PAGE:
About a month ago, after being inspired by reading lots of great dadblogs since before my babygirl was born, I finally started my own blog about being a Stay-At-Home-Dad, "daddy in a strange land". Now I'm happy to be able to join forces with a good group of other Asian American dads to bring some different perspectives, experiences and voices to the parenting blogosphere.
A bit about me: My wife of almost 8 years, "la dra." (that's "la doctora," or "the doctor" in Spanish, not "la druh," for you monolinguals out there), and I are the proud and tired parents of "The Pumpkin," our beautiful babygirl, now a full-fledged running, climbing, "no"-saying, babbling toddler. La dra. is pinay, I'm a hapa yonsei Japanese Jewish American (say that five times fast), and we're raising our little multiethnic Asian American cutie in the white Republican desert of Bakersfield, California.
I'm a native Angeleno who studied Ethnic Studies back east and taught social studies in an urban LA high school, so needless to say, culturally, politically, demographically, this little patch of transplanted Red State has taken some getting used to, and is not where we thought we'd be starting our little multiculti family. But here we are, and here I am, one of the only SAHDs in town, it seems, and a non-white, leftwing one to boot.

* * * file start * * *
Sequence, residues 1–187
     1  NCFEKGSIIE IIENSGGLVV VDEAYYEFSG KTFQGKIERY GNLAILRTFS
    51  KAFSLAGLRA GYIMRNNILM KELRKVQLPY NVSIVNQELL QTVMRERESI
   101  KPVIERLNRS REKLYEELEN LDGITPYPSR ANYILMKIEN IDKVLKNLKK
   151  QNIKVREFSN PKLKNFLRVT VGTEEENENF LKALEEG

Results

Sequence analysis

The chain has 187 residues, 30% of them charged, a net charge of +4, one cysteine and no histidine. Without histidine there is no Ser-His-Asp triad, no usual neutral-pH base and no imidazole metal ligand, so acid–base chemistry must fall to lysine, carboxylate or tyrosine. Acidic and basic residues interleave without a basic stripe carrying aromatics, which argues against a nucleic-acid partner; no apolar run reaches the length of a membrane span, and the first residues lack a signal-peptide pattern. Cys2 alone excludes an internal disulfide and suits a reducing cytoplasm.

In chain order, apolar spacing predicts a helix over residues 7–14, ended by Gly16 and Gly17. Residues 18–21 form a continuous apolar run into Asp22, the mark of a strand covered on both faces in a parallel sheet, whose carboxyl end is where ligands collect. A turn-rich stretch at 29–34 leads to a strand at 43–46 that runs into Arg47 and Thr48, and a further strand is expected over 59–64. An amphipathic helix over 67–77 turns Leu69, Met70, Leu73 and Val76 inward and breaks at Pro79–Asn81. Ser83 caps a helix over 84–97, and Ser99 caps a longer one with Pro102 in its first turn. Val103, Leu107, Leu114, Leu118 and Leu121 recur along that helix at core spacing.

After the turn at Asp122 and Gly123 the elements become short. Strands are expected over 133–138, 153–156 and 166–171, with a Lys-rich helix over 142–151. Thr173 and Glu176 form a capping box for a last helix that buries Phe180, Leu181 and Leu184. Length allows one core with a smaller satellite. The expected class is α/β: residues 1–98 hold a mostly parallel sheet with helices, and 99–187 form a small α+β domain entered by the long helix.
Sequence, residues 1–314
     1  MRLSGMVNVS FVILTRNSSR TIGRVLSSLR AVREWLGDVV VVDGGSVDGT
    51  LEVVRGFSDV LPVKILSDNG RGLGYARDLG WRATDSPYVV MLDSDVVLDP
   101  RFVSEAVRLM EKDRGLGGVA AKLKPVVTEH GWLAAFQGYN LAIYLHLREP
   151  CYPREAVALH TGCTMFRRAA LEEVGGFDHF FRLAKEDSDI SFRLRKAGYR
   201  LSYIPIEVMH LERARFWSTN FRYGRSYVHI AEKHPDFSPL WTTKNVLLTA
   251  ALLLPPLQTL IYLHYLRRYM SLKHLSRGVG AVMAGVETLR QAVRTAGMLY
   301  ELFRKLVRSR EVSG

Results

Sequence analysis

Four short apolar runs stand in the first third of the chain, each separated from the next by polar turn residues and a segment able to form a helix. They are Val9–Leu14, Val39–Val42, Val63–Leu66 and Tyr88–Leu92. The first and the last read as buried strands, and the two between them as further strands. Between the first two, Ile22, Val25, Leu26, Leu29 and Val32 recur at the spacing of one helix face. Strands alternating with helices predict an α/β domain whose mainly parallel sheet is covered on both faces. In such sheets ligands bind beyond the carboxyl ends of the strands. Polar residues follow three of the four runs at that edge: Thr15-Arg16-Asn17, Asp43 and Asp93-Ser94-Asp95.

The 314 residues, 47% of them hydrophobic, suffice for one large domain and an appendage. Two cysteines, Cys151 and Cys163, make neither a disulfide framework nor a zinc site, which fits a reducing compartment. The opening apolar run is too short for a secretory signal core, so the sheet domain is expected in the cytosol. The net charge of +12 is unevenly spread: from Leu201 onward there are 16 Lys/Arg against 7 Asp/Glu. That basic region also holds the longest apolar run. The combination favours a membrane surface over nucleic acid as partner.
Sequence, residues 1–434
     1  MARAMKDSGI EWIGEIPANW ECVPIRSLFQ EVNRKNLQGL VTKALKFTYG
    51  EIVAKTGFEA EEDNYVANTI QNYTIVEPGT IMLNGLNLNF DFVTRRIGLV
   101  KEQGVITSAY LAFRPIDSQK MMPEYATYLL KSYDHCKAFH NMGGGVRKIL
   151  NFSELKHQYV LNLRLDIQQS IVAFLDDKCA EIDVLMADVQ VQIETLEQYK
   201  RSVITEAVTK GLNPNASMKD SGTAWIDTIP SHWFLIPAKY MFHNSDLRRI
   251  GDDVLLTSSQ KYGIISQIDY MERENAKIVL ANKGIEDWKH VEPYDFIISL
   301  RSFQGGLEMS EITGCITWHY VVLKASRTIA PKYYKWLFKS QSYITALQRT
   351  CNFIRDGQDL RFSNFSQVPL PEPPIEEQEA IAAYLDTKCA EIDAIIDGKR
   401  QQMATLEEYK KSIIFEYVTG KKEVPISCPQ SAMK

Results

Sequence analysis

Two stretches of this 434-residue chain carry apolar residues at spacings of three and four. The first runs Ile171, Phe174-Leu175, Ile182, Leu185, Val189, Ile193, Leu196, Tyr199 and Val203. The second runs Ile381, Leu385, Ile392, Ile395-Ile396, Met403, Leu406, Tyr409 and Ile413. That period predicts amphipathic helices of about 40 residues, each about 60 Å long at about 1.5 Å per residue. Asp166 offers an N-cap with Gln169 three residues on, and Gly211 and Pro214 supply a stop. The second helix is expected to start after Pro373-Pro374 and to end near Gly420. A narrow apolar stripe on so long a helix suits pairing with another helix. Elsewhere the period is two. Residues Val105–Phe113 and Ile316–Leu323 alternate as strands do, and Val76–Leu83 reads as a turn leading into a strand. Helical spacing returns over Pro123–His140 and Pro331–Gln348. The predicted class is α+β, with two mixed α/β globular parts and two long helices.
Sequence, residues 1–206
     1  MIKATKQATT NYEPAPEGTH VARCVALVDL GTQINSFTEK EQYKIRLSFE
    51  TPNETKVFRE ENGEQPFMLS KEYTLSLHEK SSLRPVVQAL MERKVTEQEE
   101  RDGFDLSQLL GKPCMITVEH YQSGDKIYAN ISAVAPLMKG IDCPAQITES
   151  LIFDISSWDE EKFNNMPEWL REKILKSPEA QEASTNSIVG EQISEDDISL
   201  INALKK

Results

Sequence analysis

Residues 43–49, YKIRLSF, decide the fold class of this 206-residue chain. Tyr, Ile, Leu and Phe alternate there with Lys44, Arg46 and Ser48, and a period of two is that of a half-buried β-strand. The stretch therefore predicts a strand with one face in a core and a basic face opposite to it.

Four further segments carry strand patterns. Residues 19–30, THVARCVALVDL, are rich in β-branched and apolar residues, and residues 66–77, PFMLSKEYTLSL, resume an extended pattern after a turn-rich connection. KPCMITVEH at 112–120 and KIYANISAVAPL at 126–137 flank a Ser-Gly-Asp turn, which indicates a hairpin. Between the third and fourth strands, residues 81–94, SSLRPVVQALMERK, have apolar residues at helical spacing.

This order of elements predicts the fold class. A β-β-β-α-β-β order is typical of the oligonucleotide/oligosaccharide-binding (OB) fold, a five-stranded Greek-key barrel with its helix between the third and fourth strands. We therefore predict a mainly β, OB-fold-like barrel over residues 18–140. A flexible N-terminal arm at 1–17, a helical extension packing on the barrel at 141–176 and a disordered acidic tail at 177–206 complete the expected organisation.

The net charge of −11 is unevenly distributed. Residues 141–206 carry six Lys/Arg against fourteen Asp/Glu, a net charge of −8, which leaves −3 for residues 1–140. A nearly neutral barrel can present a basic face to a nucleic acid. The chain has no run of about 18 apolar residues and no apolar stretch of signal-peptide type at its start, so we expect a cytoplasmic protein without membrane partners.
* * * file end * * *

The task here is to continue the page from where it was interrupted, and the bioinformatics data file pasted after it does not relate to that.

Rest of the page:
When The Pumpkin was first born, reading blogs by other newbie dads and SAHDs made me feel connected to a virtual community. Whether you wanted to find out about your non-ugly baby furniture options or needed to commiserate about your newfound state of forced insomnia (and wonder when it would end—guess what? never!), somebody was blogging about it. Fifteen months into dadhood, I finally started "daddy in a strange land" so that I too could grace the blogosphere with rambling monologues on how I hate being asked if I'm babysitting today or flat jokes that sounded funny in my head at 2 a.m. And now, with Rice Daddies, I have one more place where I can share embarrassing stories about my daughter's digestive tract that she can google in 15 years for her therapist.
Sometimes, I catch my breath, and I can't believe that she's already a toddler, a walking, talking little person with a mind and personality all her own. And then I blink and run after her so she won't wedge herself between the back of the sofa and the sliding patio door again or eat crackers out of the garbage or pull the dining room table down on her head.
And you know what? I wouldn't trade it for anything.